• The Adventurer: Some people see their self-narrative like a character in a great novel. They thrive in unconventional situations and define themselves by doing unique things. They might have had an unusual upbringing or eclectic tastes and feel this defines them and their identity, therefore they continue to make unique choices that further differentiate them.

Why We Self-Define

Here’s the thing about self-narratives: they are self-defined. We craft a story about ourselves and then continue to make choices and behave in ways that further carry out the narrative. For example, if a hamster has the Victim Narrative, they always see themselves as a martyr or defeated. Then they pick jobs or activities that continue to put them in this place. I think this is why some hamsters have the same problems over and over again. Their problems are annoying and difficult, but they are also playing into their narrative.

This is how self-narratives work when a hamster won’t change: 

  • The Warrior Narrative: A warrior has a job where the boss hates him. You tell him to apply for a transfer with a new boss, but this means having a non-competitive work environment. A warrior isn’t used to having nothing or no one to fight about, this isn’t in their self-narrative. So they complain, but they keep the job because it’s what they know.
  • The Nurturer Narrative: A nurturer is in a relationship where she is taken for granted. She does all the housework and is basically a servant to her partner. You bring this up and encourage her to stand up for herself. Although she wants to, standing up for herself and putting her needs first is against her self-narrative. So she stays in a relationship that is unhappy but familiar.
  • The Adventurer: Your adventurer friend is always complaining about not being able to pay down student debt or afford dinners out. He can’t keep a steady job because they are all so boring. He would prefer to travel the world—great, you say! Then get a virtual job or save up more before traveling. Your idea of responsible is his idea of boring and too conventional. He keeps job hopping and complaining about the bills. He is an adventurer—a 9 to 5 job (even virtual) would kill his personal brand.

Unhappy But Familiar

Self-narratives are defining, they are also comfortable. Children who have been abused often end up in abusive relationships as adults. Why? I think this comes down to a self-narrative. They have a self-narrative that casts them in the horrible role of abuse. They don’t like it, but they know it.

For some, predictably terrible is better than an unpredictable unknown.

I think the reason why some people can’t change is because they are fighting two extremely strong forces:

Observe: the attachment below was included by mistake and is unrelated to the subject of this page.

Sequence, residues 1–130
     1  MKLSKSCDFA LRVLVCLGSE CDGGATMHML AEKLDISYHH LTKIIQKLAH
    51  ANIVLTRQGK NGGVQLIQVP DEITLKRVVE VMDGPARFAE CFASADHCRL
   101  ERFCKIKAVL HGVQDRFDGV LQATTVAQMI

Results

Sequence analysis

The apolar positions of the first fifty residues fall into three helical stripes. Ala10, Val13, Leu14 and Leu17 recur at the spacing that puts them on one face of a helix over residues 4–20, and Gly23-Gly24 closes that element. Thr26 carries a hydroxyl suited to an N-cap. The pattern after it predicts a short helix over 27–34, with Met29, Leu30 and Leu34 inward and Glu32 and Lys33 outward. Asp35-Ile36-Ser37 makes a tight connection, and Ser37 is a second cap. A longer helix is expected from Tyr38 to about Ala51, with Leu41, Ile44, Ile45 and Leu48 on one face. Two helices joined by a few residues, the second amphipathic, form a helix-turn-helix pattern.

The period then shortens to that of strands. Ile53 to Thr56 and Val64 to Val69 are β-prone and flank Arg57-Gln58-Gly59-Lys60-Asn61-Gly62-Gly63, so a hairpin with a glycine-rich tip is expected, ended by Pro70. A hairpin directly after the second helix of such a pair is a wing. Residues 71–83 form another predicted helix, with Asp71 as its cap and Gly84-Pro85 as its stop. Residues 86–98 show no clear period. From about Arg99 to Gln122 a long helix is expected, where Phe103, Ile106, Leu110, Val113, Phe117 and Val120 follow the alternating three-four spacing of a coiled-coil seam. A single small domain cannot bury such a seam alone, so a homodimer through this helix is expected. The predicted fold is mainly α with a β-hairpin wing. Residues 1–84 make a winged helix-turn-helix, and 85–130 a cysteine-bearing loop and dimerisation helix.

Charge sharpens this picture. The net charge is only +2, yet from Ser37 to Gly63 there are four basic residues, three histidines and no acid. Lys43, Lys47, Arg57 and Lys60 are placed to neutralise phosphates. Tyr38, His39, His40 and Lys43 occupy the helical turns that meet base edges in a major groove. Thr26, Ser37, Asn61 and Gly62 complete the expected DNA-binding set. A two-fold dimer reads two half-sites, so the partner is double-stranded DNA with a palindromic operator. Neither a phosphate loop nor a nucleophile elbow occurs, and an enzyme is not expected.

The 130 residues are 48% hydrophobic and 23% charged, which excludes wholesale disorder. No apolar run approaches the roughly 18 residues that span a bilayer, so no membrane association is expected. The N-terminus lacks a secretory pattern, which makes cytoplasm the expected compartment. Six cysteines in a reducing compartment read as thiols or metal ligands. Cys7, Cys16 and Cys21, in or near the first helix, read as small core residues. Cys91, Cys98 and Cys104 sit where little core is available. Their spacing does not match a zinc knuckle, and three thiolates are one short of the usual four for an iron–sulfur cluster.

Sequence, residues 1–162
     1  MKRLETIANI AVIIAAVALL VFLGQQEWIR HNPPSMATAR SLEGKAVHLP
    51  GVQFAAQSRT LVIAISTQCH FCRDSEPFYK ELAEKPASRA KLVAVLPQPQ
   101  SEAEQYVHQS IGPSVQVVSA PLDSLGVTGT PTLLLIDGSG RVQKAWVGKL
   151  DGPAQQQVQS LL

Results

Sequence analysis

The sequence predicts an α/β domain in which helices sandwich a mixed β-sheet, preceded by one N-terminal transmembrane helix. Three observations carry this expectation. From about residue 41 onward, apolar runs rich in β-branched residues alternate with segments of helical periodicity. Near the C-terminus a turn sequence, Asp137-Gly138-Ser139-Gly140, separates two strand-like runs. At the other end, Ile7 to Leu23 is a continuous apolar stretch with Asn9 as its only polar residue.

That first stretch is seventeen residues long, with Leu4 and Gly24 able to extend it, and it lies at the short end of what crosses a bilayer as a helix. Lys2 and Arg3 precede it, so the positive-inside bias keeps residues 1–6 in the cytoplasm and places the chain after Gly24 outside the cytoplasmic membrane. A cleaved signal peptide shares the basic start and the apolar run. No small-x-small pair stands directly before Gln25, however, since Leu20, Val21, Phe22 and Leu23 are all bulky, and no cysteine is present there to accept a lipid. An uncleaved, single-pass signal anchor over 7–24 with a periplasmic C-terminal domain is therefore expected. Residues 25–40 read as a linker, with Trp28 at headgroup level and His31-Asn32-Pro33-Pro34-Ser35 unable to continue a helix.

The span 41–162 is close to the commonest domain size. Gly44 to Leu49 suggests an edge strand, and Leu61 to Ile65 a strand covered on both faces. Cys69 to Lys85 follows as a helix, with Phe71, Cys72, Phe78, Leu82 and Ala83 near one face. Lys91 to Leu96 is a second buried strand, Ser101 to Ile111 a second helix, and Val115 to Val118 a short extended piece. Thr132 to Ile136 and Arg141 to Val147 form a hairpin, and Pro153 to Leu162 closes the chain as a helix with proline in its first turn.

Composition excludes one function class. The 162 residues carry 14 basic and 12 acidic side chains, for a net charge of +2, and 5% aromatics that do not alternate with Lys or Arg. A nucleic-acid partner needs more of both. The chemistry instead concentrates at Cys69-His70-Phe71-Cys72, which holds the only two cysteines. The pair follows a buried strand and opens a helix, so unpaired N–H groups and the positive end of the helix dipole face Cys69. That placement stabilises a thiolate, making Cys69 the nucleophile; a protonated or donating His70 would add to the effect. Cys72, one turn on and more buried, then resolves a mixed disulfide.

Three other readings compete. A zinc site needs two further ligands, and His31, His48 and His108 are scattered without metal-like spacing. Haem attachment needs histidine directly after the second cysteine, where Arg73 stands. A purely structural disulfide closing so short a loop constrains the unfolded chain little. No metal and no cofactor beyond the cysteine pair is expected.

#1: Their Identity

They are afraid of changing something because it’s not how they see themselves. By acting different, they might get something different and this feels scary.

#2: Fear of Change

Change is scary. We know what we like and we like what we know. This keeps us in a very limited mindset and prevents any kind of growth.

So what to do? I think the answer comes down to compassion.

  • Don’t get angry, get curious. You have this person who won’t change, try to identify the forces at play. What do you think their self-narrative is? Is their fear of change greater than their desire to end their problems?
  • Help them change the narrative. Instead of giving them advice on changing the behavior (the symptom) try helping them see the narrative (the cause). Ask them how they see themselves. Ask them what role they play in their relationships, job and friendships. Ask them what it would feel like if the roles were reversed or if someone could wave a magic wand.
  • Let go. I have come to the sad conclusion that some people cannot be helped.

Everyone can be loved, but not everyone can be changed.

I tend to take it very personally when people don’t take my advice or people close to me keep making the same mistakes over and over again. But the truth is, it’s not about me or the quality of my advice. It is about their bravery and courage to see truth and make hard choices that bring change.

All you can do is be the mirror for them to see their narratives and the support if they decide to leap into the fear of change. It’s not easy: We can’t change people, but we can change behavior—slowly, lovingly, compassionately.